Although I walk through the world with a folio of smile cards in my wallet, and try to be ever-vigilant for opportunities to use them, it always seems that I am the recipient of anonymous kindness much more often than the benefactor. Here's a story about one such incident which happened just yesterday: We arrived at Chennai Central early; our train did not depart for another 45 minutes. I took the opportunity to find a tailor to perform a simple repair for me. Across the lane from the side of the station stood a building typical of those found in India cities, containing a warren of tiny shops – perhaps several hundred of them. These buildings would look like any of the zillions of faceless, multi-storied, style-bereft concrete abominations that proliferate in the metros, were they not covered with scores-and-scores of small peeling signs — most painted directly onto the façade, at ... Read Full Story >>
I was renewing my library card the other day, and overheard the transaction of the user being assisted by the adjacent clerk. If not outright homeless(he carried with him two large bags of possessions), the scruffy man was clearly going through an extremely hard time. It seems that he was unable to check out a book because he had an outstanding $3.00 fine on some books he had turned-back late. He told the clerk there was no possible way for him to pay the fine. I reached over and slipped the man three dollars. He paid his fine and thanked me profusely: "I don't know how I could make it through a night on the street without my science fiction." That is not the story. Here's the story. As he was getting up to leave, I was in the process of fishing through my wallet for a photo ... Read Full Story >>
It was late one night when I got an email from the states. It was my friend John who, as usual, had an idea. This one was about the power of connectedness. John was taken with the notion that he could, by sitting at his computer, with only a few small movements of his fingers, could affect change on the other side of the world. “In ten seconds,” he wrote, “I sent an email to my friend in Boston, asking him to go down to the street and give a watermelon to the first person he saw. And he did.” John, of course, wanted to illustrate the power of connectivity with a more compassionate experiment. “Please go find a needy person and give them $20 [1,000 Indian rupees, at the time]. If you can, try to see how it changes their life and let me know.” On our last afternoon in Ahmedabad, ... Read Full Story >>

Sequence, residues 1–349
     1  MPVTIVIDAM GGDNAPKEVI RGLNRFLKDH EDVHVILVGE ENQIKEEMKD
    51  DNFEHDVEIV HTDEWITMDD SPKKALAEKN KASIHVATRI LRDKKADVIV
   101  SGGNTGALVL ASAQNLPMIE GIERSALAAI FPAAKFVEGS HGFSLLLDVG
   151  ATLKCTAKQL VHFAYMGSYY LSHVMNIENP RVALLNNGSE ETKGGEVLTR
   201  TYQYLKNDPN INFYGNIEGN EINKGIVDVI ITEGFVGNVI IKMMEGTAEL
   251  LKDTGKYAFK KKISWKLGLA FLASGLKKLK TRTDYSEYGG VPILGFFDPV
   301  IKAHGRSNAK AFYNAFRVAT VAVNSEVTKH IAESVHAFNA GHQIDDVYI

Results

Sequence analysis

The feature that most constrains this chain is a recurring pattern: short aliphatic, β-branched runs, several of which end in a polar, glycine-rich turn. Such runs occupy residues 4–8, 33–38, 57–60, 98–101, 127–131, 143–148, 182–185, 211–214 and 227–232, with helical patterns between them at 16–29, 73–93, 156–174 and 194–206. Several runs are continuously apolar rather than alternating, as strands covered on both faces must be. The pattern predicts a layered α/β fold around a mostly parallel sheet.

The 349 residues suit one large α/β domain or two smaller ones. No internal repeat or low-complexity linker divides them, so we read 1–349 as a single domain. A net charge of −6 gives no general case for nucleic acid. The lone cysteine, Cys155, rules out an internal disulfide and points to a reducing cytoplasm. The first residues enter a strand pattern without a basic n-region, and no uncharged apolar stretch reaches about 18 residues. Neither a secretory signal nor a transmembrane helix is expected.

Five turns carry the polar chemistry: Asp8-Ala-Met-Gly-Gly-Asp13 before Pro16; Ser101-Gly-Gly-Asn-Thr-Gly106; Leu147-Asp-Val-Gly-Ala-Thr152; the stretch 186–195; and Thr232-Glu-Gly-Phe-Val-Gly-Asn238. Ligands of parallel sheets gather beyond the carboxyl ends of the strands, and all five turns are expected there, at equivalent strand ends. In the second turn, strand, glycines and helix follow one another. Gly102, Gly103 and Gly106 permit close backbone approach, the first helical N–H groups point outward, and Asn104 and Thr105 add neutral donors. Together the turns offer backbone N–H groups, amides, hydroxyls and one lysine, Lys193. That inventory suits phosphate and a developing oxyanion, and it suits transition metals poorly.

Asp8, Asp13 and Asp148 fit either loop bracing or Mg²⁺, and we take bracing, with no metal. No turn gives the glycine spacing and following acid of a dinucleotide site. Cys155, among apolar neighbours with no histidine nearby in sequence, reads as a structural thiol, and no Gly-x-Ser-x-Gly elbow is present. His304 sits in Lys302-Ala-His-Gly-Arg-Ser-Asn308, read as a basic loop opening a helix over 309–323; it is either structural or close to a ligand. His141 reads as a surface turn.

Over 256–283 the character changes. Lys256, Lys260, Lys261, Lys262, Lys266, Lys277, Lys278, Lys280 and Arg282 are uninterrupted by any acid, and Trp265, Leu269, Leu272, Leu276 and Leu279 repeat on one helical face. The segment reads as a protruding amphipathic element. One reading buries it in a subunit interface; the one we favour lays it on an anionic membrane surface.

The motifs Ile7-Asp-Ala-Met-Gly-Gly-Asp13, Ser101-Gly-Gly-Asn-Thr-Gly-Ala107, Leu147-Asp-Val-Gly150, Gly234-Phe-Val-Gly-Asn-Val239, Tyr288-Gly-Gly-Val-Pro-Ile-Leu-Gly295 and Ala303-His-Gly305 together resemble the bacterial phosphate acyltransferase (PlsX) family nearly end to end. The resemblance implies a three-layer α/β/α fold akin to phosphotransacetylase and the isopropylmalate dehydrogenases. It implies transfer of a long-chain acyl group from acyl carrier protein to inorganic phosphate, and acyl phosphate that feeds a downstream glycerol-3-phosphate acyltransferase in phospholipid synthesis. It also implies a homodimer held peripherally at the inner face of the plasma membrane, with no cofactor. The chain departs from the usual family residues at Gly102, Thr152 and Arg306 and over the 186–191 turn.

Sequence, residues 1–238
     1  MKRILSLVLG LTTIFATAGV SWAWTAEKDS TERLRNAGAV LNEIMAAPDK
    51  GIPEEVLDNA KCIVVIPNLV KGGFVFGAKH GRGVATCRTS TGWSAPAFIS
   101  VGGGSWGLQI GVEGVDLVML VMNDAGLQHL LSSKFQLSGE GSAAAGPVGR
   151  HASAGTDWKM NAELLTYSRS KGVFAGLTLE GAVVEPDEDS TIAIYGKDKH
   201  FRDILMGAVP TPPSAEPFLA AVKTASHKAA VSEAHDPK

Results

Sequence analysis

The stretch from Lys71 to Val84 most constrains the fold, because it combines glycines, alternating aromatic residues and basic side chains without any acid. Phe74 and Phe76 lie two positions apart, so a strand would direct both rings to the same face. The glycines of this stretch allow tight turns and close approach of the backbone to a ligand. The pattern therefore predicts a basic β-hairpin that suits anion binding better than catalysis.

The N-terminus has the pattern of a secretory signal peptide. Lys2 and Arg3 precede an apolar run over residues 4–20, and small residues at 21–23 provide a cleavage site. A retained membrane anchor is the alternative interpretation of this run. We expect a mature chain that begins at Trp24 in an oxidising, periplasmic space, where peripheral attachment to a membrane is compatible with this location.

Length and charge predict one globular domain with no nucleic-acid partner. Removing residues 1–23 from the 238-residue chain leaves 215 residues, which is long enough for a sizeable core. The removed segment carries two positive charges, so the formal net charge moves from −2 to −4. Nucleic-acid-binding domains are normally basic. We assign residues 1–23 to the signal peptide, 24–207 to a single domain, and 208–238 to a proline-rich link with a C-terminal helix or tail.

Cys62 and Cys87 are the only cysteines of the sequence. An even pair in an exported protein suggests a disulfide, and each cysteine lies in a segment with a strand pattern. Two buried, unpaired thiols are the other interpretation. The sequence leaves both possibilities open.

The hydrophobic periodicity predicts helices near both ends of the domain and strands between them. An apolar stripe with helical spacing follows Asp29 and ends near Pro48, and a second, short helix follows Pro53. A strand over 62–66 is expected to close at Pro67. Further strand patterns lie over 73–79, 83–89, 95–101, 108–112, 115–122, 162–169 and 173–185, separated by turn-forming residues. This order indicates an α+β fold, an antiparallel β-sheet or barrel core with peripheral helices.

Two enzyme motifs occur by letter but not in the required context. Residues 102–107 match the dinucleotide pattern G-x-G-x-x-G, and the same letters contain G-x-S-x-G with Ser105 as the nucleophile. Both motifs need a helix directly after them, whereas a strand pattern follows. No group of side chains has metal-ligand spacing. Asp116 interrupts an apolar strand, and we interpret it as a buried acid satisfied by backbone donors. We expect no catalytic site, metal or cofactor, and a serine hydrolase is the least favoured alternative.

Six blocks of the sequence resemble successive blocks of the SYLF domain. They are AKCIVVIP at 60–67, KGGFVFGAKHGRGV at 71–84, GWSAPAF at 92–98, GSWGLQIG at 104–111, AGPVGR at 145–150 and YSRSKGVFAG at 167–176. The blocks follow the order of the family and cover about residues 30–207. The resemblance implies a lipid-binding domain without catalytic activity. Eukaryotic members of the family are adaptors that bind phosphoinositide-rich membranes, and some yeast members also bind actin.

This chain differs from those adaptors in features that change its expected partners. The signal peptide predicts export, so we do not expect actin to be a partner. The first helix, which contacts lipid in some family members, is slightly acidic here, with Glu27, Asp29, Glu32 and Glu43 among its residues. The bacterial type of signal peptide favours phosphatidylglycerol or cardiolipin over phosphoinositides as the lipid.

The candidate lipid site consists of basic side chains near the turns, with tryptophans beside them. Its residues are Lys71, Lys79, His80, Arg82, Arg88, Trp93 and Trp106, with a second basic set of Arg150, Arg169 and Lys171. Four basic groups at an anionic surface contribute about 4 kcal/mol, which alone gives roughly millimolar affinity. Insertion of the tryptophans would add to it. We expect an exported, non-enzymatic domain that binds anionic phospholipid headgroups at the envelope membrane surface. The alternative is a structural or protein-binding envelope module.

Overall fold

Leaving Paris, I had no more use for my mobile SIM card, which still had quite a bit of talk-time on it.
So, after checking-in for my flight, I made a detour to the Arrival area, where I found a just-arrived, almost-elderly couple making enthusiastic enquiries in English at the Information Desk. I asked if they'd like my SIM card and talk-time.
The man replied, "We had just a moment ago asked where we could buy one." "Now you have one," I said, handing his wife a small, cellophane envelope containing the SIM and a Smile Card. "Wow," he said, "this is great!"